That's the Power of Words: The Effects of Changing Survey Question Language

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A look back in time revealed how some small, intentional changes to the ETRAC student survey language yielded some unexpected results.

Businessman flying in a time machine
Credit: Leremy / © 2020

If we had the ability to hop into a time machine and travel back to 1955 like Marty McFly did in the film Back to the Future, we would see some stark reminders of how far technology has come over the years: in 1955 telephones had cords and dials, computers were so large they filled entire rooms, and paper maps were used to plot travel routes. Many things look very different due to the evolution of technology over the past 65 years. However, even if the time circuits on the DeLorean were set to just 16 years ago, the world still looks pretty different by tech standards: in 2004 there was no iPhone, no Siri or Alexa, and no Instagram. And most people used one device to take pictures and another to listen to music. The EDUCAUSE Center for Analysis and Research (ECAR) started administering ETRAC surveys in 2004, and when we compare that first survey to our most recent—or even when we compare our most recent surveys to those from just a few years ago—it's evident that the questions have changed over time to reflect advancements in technology, as well as user needs and habits.

Reviewing the ETRAC student and faculty surveys from previous years reminds us about how higher education technology has advanced and shifted, and how our analysts, statisticians, and researchers must continually think about ways to ask questions that yield valid and useful data. Relevance is critically important, and as a result, ETRAC survey questions must reflect technology trends and demographic changes, as well as the cultural shifts that often result from these changes. So each year, the ECAR team takes great care to develop survey instruments that are sound and germane—and as useful as possible to stakeholders. This sometimes involves changing the language used in a survey question to keep pace with the times. But changing a survey question can be tricky. Similar to the Hollywood concept of time travel, where a small change to the past can have unintended consequences on the future, replacing even one word can impact how a question is understood and interpreted. Even a slight change to a question can affect the analysis of longitudinal data and the tracking of trends over time. A modification like that won't unravel the very fabric of the space-time continuum (as Doc Brown so ominously warns Marty McFly), but it does cause ripple effects. Take, for example, the changes we've made over the last few years to a question about student learning environment preferences.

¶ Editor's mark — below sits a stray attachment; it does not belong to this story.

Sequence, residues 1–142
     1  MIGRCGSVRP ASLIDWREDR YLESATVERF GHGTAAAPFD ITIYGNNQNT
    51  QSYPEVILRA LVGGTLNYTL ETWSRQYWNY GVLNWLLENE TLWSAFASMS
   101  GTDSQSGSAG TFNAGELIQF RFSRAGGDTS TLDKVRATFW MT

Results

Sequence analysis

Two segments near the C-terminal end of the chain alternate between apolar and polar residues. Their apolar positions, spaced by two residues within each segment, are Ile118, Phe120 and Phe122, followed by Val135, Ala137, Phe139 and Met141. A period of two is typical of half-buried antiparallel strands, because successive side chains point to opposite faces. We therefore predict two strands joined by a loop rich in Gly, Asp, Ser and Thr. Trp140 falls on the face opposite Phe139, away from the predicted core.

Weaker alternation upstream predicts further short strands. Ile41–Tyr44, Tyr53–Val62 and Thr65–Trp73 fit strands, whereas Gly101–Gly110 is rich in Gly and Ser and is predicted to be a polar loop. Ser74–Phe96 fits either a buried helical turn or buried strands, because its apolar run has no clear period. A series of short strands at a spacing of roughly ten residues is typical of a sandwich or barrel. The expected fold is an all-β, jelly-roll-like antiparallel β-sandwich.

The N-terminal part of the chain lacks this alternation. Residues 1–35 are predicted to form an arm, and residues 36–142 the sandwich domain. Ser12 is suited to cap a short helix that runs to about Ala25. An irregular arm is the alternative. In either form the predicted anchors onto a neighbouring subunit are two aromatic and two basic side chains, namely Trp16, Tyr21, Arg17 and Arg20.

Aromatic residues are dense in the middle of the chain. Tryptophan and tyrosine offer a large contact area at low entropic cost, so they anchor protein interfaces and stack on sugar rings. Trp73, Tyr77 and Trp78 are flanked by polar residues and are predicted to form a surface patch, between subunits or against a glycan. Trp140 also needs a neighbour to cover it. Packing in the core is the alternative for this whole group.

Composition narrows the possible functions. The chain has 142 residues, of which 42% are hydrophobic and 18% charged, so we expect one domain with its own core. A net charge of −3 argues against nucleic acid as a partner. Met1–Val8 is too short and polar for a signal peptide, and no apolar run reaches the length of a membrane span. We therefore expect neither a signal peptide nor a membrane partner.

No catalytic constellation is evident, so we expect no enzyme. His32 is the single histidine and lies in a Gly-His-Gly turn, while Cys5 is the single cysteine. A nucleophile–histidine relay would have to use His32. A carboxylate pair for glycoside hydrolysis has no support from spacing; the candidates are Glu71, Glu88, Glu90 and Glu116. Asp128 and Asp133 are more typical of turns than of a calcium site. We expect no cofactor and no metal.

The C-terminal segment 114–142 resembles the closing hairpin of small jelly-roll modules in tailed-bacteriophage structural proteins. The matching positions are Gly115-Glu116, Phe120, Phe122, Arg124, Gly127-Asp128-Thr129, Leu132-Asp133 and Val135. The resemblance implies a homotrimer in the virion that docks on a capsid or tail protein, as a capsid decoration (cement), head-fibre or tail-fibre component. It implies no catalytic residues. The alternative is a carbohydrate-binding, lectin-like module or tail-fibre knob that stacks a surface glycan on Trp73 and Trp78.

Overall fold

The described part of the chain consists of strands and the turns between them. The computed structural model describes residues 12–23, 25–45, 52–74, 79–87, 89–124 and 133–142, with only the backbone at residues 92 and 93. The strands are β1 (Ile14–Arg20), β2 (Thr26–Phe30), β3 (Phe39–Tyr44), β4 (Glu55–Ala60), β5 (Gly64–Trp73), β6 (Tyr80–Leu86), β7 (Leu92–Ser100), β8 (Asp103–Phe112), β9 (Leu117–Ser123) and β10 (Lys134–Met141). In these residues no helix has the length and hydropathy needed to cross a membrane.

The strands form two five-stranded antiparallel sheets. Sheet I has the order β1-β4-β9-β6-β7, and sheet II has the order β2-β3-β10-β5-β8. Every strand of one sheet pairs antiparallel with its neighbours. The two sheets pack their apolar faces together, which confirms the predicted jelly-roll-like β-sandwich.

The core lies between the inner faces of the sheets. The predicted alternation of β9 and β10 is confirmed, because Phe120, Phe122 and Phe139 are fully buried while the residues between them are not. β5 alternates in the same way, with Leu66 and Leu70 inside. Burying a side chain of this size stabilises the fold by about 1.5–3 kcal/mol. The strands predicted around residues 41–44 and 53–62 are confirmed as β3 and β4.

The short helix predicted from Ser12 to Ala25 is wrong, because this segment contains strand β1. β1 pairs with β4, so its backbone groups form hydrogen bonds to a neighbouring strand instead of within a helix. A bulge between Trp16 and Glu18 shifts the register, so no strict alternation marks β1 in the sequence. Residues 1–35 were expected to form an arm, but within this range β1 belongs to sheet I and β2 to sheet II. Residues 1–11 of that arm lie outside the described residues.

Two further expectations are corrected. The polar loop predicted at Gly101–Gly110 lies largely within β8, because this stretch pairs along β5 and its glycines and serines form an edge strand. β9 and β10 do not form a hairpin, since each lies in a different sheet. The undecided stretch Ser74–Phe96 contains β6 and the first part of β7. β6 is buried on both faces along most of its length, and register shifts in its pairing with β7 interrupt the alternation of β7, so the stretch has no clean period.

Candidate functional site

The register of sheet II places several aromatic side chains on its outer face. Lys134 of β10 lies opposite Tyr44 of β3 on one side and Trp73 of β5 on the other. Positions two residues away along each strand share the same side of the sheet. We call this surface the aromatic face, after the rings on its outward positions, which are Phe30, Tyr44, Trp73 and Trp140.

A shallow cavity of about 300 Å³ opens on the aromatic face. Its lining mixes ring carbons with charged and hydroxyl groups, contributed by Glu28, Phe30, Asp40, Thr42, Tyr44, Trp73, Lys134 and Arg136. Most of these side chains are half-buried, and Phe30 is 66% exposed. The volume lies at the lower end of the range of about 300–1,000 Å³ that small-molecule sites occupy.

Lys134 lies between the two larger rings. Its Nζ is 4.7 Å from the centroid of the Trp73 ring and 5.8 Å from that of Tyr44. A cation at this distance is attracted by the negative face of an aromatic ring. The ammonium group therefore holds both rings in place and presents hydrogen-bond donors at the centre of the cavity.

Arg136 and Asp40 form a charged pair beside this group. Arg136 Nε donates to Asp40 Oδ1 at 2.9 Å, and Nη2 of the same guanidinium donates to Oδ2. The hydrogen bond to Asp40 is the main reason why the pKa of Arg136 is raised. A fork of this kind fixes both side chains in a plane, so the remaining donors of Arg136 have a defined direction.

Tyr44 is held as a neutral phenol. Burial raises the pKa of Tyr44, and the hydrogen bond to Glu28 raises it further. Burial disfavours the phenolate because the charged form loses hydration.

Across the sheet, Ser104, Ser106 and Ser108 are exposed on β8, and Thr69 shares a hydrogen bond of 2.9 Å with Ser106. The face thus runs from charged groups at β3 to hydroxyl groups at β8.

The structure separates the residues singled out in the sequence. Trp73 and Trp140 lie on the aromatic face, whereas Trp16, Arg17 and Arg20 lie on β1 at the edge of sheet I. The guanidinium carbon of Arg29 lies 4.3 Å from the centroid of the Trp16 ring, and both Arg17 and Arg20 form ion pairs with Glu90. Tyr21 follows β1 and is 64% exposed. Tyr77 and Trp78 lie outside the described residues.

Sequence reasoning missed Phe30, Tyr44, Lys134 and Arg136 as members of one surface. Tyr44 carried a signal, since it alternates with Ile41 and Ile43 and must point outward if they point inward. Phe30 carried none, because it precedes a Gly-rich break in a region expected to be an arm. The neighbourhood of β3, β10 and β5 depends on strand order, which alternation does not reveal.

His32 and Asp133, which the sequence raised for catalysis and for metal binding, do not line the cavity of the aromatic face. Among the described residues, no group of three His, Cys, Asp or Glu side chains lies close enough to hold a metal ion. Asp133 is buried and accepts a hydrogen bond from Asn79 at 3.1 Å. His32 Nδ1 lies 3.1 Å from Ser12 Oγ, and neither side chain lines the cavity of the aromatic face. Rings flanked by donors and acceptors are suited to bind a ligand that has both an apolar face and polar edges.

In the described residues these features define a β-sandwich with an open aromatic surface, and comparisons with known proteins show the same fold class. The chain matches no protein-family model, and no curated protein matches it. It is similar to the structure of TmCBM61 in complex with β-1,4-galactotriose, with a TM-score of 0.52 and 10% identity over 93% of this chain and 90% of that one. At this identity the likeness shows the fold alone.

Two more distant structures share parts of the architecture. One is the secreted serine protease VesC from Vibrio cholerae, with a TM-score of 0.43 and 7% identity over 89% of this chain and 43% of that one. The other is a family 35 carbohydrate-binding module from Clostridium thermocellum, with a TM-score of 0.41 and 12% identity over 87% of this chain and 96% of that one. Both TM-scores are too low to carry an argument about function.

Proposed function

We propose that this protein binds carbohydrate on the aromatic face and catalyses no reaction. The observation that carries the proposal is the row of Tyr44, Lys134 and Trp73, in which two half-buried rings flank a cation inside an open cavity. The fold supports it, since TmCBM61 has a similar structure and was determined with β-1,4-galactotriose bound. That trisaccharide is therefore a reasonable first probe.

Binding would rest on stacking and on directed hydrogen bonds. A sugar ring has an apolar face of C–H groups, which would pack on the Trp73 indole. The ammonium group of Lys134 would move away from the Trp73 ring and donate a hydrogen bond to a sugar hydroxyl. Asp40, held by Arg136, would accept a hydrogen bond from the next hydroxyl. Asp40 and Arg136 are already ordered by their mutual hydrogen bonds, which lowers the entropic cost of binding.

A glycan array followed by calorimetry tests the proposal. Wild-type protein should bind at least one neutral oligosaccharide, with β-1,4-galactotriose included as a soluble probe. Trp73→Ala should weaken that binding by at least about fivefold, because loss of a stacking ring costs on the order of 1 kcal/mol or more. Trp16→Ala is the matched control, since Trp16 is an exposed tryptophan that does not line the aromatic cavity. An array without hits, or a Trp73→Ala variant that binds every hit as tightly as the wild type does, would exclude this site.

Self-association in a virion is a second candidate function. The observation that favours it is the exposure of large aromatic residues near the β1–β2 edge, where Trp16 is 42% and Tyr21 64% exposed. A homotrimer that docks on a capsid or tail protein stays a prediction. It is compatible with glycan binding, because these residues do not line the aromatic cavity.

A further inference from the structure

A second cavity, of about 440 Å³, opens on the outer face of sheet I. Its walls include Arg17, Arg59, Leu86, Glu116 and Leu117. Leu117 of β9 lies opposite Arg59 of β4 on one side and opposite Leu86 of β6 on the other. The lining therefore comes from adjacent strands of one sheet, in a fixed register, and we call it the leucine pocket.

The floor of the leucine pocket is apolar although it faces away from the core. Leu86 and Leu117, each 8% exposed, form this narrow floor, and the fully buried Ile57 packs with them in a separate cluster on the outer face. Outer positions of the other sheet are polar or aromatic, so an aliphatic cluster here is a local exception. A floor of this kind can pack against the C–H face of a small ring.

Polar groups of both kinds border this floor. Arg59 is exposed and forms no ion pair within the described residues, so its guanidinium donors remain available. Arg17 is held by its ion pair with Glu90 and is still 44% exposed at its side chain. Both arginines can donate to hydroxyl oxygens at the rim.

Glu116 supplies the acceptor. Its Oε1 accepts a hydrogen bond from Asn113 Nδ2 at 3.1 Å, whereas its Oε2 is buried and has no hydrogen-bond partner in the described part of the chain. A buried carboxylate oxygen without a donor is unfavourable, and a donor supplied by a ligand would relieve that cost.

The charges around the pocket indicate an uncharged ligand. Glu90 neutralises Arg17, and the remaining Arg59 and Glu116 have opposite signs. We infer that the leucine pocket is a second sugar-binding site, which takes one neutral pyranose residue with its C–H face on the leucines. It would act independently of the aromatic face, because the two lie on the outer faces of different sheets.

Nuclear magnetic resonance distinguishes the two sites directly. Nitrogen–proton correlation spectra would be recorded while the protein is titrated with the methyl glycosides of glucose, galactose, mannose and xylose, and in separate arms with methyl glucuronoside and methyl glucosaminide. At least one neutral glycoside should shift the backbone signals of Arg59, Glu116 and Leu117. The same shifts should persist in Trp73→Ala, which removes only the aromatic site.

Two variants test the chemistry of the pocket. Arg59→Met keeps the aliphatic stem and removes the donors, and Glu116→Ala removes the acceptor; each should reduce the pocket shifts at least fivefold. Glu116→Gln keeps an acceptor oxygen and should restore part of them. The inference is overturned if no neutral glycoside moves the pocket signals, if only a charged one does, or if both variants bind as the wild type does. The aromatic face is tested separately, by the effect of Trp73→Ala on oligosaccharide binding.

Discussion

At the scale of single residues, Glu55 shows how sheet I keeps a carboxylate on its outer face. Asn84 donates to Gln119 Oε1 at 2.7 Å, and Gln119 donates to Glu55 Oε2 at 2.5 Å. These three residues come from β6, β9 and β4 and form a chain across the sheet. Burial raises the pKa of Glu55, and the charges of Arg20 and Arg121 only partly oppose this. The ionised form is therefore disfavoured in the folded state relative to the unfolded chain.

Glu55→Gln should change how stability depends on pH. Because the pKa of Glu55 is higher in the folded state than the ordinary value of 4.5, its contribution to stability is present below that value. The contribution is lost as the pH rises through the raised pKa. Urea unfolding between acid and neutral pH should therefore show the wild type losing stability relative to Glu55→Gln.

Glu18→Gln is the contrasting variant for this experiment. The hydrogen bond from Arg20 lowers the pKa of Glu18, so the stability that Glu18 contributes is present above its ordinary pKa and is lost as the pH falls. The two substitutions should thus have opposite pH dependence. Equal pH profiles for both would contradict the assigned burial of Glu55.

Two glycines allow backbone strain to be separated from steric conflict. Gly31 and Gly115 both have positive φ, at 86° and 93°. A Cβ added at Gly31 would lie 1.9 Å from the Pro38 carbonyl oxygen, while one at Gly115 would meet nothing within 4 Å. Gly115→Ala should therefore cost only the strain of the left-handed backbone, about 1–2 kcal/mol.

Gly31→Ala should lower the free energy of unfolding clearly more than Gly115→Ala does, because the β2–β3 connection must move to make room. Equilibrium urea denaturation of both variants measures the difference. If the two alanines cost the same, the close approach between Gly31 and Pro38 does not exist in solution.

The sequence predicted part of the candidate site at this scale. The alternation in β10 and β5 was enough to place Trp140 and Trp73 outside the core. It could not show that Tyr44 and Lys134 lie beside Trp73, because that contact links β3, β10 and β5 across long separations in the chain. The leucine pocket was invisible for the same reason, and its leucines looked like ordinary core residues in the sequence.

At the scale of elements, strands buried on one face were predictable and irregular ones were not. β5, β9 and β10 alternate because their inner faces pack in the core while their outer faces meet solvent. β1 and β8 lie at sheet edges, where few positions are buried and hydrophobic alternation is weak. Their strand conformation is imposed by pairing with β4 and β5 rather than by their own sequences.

Let's start with a minor temporal displacement and go back to 2013, when the student study first explored learning environment preferences with four simple choices: students could select between courses with no online components, some online components, or completely online courses (or indicate no preference). The majority of students (63%) indicated a preference for blended environments. "No online components" (26%) was selected by more than twice as many students as "completely online" (11%). In addition to asking about their personal preferences, the 2013 survey also asked students to identify in which environment they learn the most. The response options were identical to those listed in the learning environment preferences question, and the results of the two questions were within a few percentage points of each other. In 2013 and 2014, a clear theme surfaced: students preferred face-to-face over online learning.

Moving along to 2015 (roads not needed), we added "mostly but not completely online" as a response option to increase the precision of the blended learning responses. After getting feedback from subject-matter experts that our scale needed a middle category, in 2017 we added a "half-and-half" option between courses with no online components and those that are completely online (see figure 1). While we refined the blended learning options, we also explored the differences between students' preferences and their self-reported best environment for learning. Asking about the "best" environment was motivated by a desire to gain insight into maximizing student success but tempered by the limitations of self-reporting. Ultimately, we settled on the more straightforward option—asking students what they prefer—noting that results have been nearly identical in the years we presented both questions.

Bar scale illustrating changes to learning environment preference response options
Figure 1. Changes to learning environment preferences response options